Teradata CEO Downplays Big Data in Revenue Slowdown
Teradata CEO Mike Koehler downplayed the role that big data technologies such as Hadoop may have had in the company’s revenue slowdown over the last couple of years. The CEO pointed to projects having moved out to 2014 as a key reason for the disappointing year.
Earlier this year the company put out an earnings warning, which prompted speculation that the rising tide of big data technologies, including Hadoop and NoSQL databases like MongoDB, Cassandra, CouchDB and others were putting the pinch on the old guard.
“We are aware of the speculation that new and lower cost technology offerings are impacting Teradata’s revenue growth,” said Koehler on a conference call to discuss third quarter results. “We believe it is a factor, but a small factor. When costs become a top priority in corporations, many of our customers invest more time and resources to optimize their current analytic environments and also evaluate potentially lower cost alternatives.”
Koehler said that while Hadoop is being used by Teradata customers, the workloads are different. “Hadoop does not address the mission critical complex business analytic workloads which Teradata provides to our customers and excels at,” said the CEO. “Based on the work we are doing with many of our largest customers, we believe that the likely impact of Hadoop on Teradata is minimal.” Koehler added that, while he expects four to eight percent of Teradata workloads to potentially move to Hadoop in the future, he expects that Teradata still has the potential to grow at a double digit clip.
While it’s normal to be skeptical of Koehler’s claims, there have been some interesting developments that may give some amount of credence to them. At the Strata + Hadoop World conference this week, Facebook analytics boss Ken Rudin admitted that the social network, which had started out eschewing the relational database world in favor of Hadoop, is moving to add more relational database systems into their infrastructure (It’s currently an open question which relational vendor is getting that fat nugget).
“As we start thinking about big data from the perspective of business needs, we’re realizing that Hadoop isn’t always the best tool for everything we need to do, and that using the wrong tool can sometimes be painful,” Rudin told the audience. “In reality, big data should include Hadoop and it should include relational, and it should include any other technology that is suited for the task at hand.”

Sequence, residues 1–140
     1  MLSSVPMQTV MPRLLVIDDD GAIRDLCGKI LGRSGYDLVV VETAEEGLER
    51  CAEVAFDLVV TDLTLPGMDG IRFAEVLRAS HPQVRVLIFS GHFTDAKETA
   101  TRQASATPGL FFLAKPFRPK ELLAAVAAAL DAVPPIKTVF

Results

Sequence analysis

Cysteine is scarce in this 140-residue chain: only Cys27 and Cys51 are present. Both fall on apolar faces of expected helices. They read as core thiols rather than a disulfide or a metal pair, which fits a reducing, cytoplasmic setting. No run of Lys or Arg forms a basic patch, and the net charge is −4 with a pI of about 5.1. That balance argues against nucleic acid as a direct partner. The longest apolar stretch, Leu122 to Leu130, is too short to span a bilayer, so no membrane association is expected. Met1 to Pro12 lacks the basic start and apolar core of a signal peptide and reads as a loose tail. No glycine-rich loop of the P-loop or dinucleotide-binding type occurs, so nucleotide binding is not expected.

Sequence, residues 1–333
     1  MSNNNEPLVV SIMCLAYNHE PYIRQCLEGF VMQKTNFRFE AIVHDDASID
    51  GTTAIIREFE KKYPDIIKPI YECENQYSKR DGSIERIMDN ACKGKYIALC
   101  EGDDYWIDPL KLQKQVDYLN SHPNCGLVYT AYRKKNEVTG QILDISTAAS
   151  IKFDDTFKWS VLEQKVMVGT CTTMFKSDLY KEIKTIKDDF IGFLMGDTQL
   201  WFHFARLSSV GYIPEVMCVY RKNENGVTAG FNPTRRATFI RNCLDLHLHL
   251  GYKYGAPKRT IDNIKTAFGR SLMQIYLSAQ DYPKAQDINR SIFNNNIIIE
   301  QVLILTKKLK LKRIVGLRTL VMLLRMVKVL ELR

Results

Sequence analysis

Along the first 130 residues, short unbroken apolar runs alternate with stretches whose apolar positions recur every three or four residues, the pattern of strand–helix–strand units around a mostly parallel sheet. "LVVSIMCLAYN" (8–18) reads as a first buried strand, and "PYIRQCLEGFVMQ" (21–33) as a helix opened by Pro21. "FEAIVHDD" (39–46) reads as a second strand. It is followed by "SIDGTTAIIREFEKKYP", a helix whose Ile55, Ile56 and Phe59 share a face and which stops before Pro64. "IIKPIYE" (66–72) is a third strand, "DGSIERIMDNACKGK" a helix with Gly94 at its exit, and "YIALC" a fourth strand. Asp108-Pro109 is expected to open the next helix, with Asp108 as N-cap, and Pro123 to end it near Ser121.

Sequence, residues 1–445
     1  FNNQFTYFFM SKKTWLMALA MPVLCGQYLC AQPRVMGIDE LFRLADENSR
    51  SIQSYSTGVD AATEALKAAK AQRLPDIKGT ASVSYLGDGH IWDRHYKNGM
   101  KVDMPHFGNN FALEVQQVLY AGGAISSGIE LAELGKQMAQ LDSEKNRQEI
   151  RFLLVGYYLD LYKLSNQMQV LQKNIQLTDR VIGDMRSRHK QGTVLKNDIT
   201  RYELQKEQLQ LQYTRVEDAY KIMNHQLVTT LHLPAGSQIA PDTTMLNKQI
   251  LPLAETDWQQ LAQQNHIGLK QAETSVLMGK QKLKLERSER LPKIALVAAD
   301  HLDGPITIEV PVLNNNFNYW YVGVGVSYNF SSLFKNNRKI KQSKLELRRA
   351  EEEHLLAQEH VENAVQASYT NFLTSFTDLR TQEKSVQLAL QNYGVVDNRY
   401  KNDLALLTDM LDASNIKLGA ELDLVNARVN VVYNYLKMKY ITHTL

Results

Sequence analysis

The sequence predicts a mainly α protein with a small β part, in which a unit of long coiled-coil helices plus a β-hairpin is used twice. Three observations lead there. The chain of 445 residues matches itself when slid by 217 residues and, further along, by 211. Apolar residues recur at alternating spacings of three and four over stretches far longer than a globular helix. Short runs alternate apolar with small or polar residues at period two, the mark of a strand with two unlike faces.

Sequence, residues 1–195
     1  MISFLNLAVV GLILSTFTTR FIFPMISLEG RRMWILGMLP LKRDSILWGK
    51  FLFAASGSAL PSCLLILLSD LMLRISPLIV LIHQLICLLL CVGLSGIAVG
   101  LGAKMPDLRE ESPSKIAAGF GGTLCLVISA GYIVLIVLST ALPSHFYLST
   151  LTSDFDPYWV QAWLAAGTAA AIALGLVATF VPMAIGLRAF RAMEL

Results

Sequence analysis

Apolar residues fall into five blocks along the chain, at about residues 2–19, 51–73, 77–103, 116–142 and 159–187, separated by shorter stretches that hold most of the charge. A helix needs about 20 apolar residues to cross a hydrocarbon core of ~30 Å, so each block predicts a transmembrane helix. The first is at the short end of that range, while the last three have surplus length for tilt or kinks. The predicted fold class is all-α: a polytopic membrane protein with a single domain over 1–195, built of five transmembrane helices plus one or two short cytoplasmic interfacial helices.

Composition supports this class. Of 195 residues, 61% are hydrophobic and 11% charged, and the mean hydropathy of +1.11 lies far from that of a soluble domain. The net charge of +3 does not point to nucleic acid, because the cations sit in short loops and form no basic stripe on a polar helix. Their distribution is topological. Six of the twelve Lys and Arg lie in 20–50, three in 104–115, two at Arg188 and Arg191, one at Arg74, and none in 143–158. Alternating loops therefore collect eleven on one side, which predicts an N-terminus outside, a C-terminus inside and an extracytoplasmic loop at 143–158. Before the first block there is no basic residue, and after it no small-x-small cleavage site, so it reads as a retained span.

Additionally, there is a sort of pivot happening in Hadoop circles, where the people who are developing, packaging and selling the technology are talking about Hadoop in new ways – especially with the release of Hadoop 2.0. In an article on ZDNet, Hadoop veteran contributor, Arun Murthy, who is also a co-founder of Hortonworks, has taken to calling Hadoop (and it’s YARN component) a datacenter operating system. “The way we look at it is you’ve got Hadoop, which is going to be a really core part of the enterprise architecture, but it’s also got to play really well with the rest of the ecosystem,” said Murthy.
Hadoop is picking up plenty of steam. In an interview with Enterprise Tech’s Timothy Prickett Morgan, Cloudera bosses told the publication that the most common way that they’re seeing Hadoop being deployed is as (what they’re calling) an enterprise data hub. “The important thing to consider here is that we are seeing enterprises going mainstream with Hadoop, and the most common way we are seeing it used is as this data hub,” Cloudera CEO Tom Reilly told Enterprise Tech. “That is why we have integrated and packaged all of the software to create this one place in the enterprise where data goes first. Once it goes there, it can be pushed out to other operational systems, and with the Impala and search capabilities we have added, business users have exploratory use of that data.”
While it looks like the database lambs and lions (or elephants, and, uh rhinos) will coexist for the foreseeable future, positioning for supremacy within the datacenter will continue to be a thing. We’ll look forward to seeing this all unfold over the coming months, and years.